First of all, what is Liquid?
Liquid is an open source templating language. This adds various super powers to HTML… now we can use if statements to conditionally show/hide things, use modular templates and include in other templates, loop for repeating regions like search results, and much, much more.
Part of what I love so much about Liquid is that you can achieve a lot with very little code – and the code is easy to read, even for non-programmers like me!
I’ll save you the full-blown history lesson but in short, liquid was originally developed by Shopify, then they very kindly open sourced it and DotLiquid was born, building in powerful extras for Common Data Service / Dataverse.
Like me, you may be tempted to go and read all about liquid from the Shopify documentation. Little harm in doing so BUT you’d miss the most powerful features as far as Dynamics / Power Apps Portals are concerned… entities and fetchxml. These allow us to easily read data from Dynamics and Model Driven apps.
The real power it provides for Power Apps Portals is a free-form way to read data from Dynamics and model-driven apps – outside of entity lists, entity forms and web forms. You can even bring your existing Advanced Find skills along for the ride!
So maybe like when I was starting out with liquid, you’ve already mastered the portal config options and can create powerful web apps integrated with Dynamics or a Model Driven App in no time. What’s the benefit of learning liquid?
Like in nature, liquid can take any form… whether that’s an inbox, a picture gallery, an audio playlist, dashboards, slideshows or whatever more exciting mash up you can imagine!
In short, liquid opens up opportunities to break the mould when it comes to layouts, lets us incorporate multimedia, break free of list and form layouts, and allows us to combine many entities on the same page in any way we see fit
Do a lot with very little
And for those of you not confident with coding, liquid isn’t full-on like a programming language. It’s small but fully featured and I’m going to show you how you can achieve lots with only six key skills… if you wanted to rebuild my Spotify clone, you’d find yourself leveraging these same skills over and over in novel ways.
To support my Scottish Summit presentation, I’ve written a deep-dive blog post on each of these – see the links below, you’ll be surprised just how much bang for your buck you get with learning each of these! Once you can retrieve data and loop through it on screen for example, you’ll see this fits so many patterns and use cases that there’s very little you can’t do with it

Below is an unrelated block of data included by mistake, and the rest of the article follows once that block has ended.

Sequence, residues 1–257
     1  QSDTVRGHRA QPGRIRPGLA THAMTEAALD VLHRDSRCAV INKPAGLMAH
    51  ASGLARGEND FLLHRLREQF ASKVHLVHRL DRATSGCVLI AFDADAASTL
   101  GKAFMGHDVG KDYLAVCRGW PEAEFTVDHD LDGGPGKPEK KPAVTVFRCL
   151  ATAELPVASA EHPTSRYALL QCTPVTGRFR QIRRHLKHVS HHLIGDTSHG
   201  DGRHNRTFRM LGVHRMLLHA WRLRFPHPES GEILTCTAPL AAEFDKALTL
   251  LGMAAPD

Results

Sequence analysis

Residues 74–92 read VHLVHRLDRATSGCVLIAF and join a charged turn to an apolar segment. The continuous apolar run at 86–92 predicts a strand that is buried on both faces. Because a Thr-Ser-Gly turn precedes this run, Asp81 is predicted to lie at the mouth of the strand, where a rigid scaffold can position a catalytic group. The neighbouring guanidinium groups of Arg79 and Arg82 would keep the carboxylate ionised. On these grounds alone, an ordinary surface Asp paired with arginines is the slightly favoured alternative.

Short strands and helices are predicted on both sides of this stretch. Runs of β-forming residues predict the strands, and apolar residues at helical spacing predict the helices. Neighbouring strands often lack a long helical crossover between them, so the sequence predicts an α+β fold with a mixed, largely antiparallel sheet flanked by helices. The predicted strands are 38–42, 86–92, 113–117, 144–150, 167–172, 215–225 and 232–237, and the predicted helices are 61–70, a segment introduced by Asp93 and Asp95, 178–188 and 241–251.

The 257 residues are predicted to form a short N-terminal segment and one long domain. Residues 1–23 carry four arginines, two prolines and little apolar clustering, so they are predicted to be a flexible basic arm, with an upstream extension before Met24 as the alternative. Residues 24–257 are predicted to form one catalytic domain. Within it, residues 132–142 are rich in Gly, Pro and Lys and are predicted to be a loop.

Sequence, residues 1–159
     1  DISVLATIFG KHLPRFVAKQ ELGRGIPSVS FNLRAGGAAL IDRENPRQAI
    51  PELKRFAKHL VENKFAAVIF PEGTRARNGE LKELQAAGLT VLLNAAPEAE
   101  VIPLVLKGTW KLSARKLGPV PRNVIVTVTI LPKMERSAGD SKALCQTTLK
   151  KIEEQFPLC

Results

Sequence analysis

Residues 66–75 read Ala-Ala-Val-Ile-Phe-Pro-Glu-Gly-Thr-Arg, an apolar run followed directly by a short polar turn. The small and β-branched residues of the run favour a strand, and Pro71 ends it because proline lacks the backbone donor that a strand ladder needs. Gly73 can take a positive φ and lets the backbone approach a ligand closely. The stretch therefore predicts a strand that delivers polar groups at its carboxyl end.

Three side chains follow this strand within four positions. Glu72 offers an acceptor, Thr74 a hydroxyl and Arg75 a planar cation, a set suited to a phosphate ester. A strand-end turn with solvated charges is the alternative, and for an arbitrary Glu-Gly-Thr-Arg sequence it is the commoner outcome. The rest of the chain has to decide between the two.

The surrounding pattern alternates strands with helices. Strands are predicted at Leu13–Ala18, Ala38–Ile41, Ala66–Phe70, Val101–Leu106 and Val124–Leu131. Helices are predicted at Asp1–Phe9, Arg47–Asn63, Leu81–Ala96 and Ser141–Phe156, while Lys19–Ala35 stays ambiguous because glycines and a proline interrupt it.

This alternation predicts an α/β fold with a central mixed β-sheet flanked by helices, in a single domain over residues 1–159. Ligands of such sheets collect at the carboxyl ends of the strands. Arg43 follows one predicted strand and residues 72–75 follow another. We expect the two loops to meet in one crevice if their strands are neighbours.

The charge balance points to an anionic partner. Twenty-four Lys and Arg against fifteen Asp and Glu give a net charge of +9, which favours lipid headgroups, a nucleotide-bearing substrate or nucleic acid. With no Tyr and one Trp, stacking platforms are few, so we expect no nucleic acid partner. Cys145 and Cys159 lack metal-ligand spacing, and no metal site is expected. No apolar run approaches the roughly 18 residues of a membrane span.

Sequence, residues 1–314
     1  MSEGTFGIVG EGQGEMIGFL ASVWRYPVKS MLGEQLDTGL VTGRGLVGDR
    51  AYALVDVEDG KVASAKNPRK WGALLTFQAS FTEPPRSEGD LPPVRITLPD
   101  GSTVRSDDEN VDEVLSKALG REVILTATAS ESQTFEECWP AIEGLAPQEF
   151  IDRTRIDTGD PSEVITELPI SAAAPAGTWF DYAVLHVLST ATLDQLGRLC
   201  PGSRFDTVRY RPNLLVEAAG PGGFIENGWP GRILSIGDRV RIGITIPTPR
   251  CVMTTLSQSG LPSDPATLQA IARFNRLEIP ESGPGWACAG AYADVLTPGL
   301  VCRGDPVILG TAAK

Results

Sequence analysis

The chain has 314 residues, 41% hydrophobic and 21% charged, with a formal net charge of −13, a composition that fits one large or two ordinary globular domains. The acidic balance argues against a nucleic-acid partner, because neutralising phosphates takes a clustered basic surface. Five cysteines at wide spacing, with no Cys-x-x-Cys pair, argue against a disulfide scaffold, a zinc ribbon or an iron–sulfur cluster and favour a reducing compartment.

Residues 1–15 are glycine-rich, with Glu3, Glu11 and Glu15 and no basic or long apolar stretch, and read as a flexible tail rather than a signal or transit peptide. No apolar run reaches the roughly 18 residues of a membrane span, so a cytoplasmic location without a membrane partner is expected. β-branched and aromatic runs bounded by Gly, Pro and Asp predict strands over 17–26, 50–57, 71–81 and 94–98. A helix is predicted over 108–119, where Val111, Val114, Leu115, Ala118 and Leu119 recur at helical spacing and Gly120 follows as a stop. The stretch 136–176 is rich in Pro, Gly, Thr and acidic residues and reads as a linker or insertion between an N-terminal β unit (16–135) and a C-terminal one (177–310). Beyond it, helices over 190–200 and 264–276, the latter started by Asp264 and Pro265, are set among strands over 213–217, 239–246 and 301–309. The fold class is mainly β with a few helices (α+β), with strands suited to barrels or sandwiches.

Liquid plays nicely with out-of-the-box portal config options too
That’s not to say it’s either config options like entity lists, entity forms, web forms or liquid… there’s a lot of scope to combine the two. Personalise, customise and extend out of the box templates with liquid.
Yes you can create custom web templates from scratch with liquid, but you can also make use of liquid in all the following places if you need to extend / tailor / personalise the out-of-the-box user experience:
- Web Templates
- Web Pages
- Content Snippets
- Entity Lists
- Entity Forms
- Web Forms
- Web Files
So, what are those key skills?
Sorry, that’s as much as I got completed as of now. Please let me know whether that’s helped your understanding and give me a shout in the comments with anything else you’d like to know about learning Liquid for Power Apps Portals
In the meantime, here are the exact tutorials I learned from to get started with Liquid… in no particular order:
- The two articles that got me started from the beyond-helpful-and-inspiratinal Megan V Walker: Using Liquid To Enhance The Portal Experience and Using Liquid To Enhance Cases In Portals
- Liquid articles from Nick Doelman’s excellent blog, readyXRM, starting with
Liquid Markup in Dynamics 365 Portals – Part 1: “Hello World”
- The fantastic Liquid templating series on Jim Novak’s blog, starting with Liquid Templates in Dynamics Portals – Part 1
- The Liquid section of the always awesome content on the Engineered Code blog by Nicholas Hayduk
Once you’re up and running with liquid and need some reference material for the finer detail, here are some extremely helpful reference materials from the Microsoft Docs site: